I can see a likely scenario in Georgia, for example, where Newt Gingrich could possibly win the bulk of the delegates in the primary but not achieve 35% in the first round of voting at the National Convention. In that case, his delegates from Georgia would no longer be bound after the first vote.

        Additionally, Georgia Code § 21-2-197 states: “Any delegate to a national convention whose presidential candidate withdraws … shall be an unpledged delegate ..”

  2. suissie says:

    I welcomed the information. Does this refer to factions which are strongly alligned with Tea Party movements LLC. Is it common for advocates of the tea party movement to also be in postions of power in local GOP party politics?
    I would love to hear from others regarding this phenomena.

  3. debbie0040 says:

    suissie, I can answer that question. There are a large number of tea party activists that have gotten involved within their local , district and state GOP. In fact, in 2011, many tea party activists won seats in their county executive committee and one was actually elected county GOP chairman in Valdosta. The GOP controls Georgia, so it is natural for activists to get involved with the GOP if they wish in order to have a seat at the table.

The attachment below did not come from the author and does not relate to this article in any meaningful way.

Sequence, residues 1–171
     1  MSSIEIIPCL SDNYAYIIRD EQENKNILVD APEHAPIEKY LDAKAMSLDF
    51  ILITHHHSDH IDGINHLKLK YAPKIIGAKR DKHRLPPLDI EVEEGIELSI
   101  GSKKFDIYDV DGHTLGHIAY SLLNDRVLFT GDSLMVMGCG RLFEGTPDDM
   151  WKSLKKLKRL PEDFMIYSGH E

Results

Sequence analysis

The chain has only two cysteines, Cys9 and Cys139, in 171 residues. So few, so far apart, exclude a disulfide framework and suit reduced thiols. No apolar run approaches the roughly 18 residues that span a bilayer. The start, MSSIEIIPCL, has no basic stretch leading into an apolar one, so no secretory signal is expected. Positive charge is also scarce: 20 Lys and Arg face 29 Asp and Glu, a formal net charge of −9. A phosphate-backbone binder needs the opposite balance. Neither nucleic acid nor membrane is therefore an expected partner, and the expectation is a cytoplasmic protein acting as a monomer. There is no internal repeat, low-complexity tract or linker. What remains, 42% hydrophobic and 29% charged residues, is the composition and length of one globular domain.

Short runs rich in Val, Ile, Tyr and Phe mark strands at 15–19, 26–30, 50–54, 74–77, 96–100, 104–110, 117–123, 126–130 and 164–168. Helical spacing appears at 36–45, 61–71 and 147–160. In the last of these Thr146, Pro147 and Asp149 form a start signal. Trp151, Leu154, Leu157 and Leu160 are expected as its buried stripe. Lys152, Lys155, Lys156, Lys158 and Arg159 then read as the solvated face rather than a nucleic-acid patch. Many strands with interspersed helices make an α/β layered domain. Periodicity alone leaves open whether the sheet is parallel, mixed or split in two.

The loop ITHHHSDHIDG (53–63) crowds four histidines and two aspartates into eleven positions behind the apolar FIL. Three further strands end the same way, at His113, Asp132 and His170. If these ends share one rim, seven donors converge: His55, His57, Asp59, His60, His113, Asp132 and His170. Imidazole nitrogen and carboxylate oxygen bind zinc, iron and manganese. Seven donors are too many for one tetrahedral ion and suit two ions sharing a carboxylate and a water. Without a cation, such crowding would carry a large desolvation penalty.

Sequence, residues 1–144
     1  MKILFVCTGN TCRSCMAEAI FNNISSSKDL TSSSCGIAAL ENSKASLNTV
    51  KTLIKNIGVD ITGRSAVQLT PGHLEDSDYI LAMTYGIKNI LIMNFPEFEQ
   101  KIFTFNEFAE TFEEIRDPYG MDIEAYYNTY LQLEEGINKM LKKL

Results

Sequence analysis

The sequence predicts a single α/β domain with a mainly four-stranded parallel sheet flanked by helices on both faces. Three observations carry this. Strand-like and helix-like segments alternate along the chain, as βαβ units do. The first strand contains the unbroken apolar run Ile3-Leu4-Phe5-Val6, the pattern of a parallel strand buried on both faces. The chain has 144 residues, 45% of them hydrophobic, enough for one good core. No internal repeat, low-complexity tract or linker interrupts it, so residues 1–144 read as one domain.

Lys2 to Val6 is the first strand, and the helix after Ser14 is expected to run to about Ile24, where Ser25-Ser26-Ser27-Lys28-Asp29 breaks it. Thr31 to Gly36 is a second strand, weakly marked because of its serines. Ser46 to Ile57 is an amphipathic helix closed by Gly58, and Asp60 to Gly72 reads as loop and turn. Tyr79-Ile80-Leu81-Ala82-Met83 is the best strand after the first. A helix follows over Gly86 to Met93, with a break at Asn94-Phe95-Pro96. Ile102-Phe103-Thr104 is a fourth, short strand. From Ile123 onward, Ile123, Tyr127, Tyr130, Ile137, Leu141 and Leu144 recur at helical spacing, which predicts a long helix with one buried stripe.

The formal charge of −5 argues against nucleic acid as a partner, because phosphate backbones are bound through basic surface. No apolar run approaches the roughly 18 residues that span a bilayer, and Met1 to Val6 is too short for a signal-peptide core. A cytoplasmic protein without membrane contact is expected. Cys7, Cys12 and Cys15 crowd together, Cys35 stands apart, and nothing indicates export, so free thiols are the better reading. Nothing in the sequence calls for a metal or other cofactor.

This is happening nationwide, not just Georgia..

    Jason Thompson was right on target about the delegate process. I do believe at the national convention that if you are delegate and don’t vote on the first round and possibly the 2nd round unless released, for the candidate that won your district/state, then your vote will also be challenged and disqualified.

    • Lo Mein says:

      The good thing about all you people who will be GOP delegates from Georgia, will be that Gingrich (and probably Santorum) will have dropped out by the time of the national convention, just like Huckabee did last time. And just like last time, that means every single one of Georgia’s delegates will be free to vote for whomever they wish, 100% legally, from the very first ballot.

      Making “Super Tuesday” nothing more than a “super straw poll” beauty contest for Georgia.

  4. Rick Day says:

    OH JesusChristPeople! Quit dancing around: It’s the Ron Paulistas.